Wine critic scores

Finding words to describe wine overflows with challenges and trouble. To steal from Martin Mull, writing about wine is like dancing about architecture.

It is impossible to describe wine flavors and aromas in words. Yet that is the Sisyphean task wine writers face every time we see, swirl, smell, sip, savor. Still, readers want some idea of what they are getting before they shell out for a liquid to enhance their meal and/or sand off the edges of their day.

Thus similes. For many people, sadly, our argot comes across as gobbledygook, arcane, incomprehensible, even off-putting. So, wine writers came up with scores. Anyone who ever took a test knew what that meant. A 95—solid “A”. A 72—whoa, don’t buy that.

Except, what the heck? You taste one day—89. Next day, same wine, 87. Next day, same wine, 90. And who, especially the average consumer, can taste the difference between a 93, a 94, a 95? Or, for that matter, between an 86 and a 92?

(Bradley Cooper photo)

The solution in the wine writing community has been to score almost everything between 85 and 94, with outstanding wines scoring 95-100. So we do not have a 100-point scale, we really have a 15-point scale. Back when you were in school, wouldn’t you have loved to have your tests scored that way? Screw up and you still get a solid B.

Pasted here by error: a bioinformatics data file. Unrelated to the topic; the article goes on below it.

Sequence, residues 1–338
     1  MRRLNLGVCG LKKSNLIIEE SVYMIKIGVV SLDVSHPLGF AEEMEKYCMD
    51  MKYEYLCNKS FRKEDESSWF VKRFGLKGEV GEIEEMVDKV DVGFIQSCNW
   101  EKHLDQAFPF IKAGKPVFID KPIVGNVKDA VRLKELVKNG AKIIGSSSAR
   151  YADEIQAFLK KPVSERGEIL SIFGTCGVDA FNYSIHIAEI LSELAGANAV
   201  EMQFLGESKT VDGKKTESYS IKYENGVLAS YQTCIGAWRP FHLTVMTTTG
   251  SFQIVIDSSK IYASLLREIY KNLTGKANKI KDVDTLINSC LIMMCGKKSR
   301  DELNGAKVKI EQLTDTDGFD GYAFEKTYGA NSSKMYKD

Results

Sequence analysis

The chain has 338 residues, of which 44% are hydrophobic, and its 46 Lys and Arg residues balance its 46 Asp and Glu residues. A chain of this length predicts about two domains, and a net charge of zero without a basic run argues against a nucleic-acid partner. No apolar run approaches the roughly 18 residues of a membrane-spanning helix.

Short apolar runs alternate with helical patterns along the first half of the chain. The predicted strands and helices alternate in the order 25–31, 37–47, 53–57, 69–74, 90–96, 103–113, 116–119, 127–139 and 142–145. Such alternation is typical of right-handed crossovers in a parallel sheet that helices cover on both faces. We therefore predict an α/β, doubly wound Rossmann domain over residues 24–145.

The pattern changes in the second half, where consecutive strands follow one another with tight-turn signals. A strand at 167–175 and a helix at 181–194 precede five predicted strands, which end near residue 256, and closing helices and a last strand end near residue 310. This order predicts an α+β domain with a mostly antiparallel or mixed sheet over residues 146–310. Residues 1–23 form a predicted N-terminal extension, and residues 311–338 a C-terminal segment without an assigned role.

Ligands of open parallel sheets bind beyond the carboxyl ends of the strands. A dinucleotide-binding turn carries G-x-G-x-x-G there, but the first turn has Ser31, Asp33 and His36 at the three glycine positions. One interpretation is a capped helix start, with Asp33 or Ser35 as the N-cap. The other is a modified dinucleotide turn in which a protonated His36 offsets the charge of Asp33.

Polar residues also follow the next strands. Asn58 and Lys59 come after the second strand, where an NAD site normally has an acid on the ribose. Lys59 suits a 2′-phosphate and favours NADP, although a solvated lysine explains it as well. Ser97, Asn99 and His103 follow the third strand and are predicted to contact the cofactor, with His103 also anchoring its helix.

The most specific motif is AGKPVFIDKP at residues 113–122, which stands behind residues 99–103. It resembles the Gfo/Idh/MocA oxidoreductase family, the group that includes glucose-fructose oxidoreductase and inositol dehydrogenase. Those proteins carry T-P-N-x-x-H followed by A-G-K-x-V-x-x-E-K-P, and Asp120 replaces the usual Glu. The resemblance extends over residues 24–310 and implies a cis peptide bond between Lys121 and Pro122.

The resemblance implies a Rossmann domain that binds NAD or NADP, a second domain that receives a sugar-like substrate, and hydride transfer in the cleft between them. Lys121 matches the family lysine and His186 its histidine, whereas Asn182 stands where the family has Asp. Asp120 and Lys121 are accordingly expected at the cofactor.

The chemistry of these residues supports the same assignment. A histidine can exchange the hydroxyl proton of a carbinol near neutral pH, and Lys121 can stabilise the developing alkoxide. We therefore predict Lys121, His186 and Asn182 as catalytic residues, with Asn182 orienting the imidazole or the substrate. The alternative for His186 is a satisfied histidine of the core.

Wine scores also create an unholy alliance between critics and marketeers. Go down the wine wall in a wine store or supermarket, and you will see shelf talkers touting scores. It doesn’t matter that the store cherry-picked the best score or the score may have been for a previous vintage. The store’s goal is to sell. The wine critic’s goal is to get more free wine or to sell more wine magazines/internet subscribers. You are the patsy in this roundelay.

The old maxim applies: “Ask a wine merchant about the best vintage of a wine, he will recommend the one he has in stock.”

Tasting notes:

• Domäne Washau Grüner Veltliner Federspiel Terrassen 2020: Excellent example of Austria’s signature white grape. $16-19 Link to my review

• Pedernales Cellars Texas Viognier 2017: Good fruit, good mouthfeel, fun easy drinker. $19-25 Link to my review

• Ancient Peaks Winery Santa Margarita Ranch Renegade 2017: Dark fruit parade across the palate. $19-26 Link to my review

Last round: People who claim they “sleep like a baby” obviously never had one. Time for a sip of wine.

Email: Newsletter: Website: Facebook: Gus Clemens on Wine. Twitter: @gusclemens.